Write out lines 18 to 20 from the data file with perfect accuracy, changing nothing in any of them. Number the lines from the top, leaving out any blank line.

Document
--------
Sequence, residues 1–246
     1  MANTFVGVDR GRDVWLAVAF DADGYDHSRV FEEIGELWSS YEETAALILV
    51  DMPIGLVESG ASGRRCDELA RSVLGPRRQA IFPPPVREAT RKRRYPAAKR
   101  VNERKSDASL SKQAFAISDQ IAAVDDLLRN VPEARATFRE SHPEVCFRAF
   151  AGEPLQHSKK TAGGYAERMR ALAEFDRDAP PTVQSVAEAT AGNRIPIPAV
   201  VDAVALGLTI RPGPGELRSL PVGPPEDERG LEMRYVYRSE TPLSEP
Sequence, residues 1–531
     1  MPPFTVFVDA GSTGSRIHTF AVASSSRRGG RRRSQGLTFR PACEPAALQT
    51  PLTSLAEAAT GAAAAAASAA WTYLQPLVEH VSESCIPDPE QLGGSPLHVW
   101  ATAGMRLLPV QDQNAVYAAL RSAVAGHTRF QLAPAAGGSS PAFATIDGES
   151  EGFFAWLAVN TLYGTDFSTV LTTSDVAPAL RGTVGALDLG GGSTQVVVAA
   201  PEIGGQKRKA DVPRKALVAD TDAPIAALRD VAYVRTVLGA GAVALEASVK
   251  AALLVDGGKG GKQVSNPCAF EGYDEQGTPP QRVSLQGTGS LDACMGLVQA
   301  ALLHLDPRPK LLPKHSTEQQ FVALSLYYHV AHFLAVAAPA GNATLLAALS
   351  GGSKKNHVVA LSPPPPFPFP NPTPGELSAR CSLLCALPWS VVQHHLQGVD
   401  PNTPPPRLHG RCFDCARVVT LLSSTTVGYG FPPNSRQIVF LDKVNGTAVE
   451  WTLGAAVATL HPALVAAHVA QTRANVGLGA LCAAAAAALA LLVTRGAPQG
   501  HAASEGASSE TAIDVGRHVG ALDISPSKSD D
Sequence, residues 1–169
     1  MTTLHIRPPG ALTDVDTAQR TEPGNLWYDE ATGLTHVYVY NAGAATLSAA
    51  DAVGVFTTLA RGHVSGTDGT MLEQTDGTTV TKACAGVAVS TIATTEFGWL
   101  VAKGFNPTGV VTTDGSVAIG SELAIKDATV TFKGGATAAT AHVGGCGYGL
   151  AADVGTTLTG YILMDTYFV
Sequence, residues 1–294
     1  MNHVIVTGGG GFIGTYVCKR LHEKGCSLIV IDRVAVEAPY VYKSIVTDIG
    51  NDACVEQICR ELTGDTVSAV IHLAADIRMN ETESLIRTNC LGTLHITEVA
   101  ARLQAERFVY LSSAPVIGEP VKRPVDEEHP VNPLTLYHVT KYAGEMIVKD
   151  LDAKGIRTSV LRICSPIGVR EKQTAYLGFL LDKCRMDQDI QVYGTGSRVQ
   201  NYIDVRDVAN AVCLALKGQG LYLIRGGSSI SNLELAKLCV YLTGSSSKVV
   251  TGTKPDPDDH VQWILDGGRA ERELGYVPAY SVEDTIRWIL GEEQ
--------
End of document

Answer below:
   501  HAASEGASSE TAIDVGRHVG ALDISPSKSD D
Sequence, residues 1–169
     1  MTTLHIRPPG ALTDVDTAQR TEPGNLWYDE ATGLTHVYVY NAGAATLSAA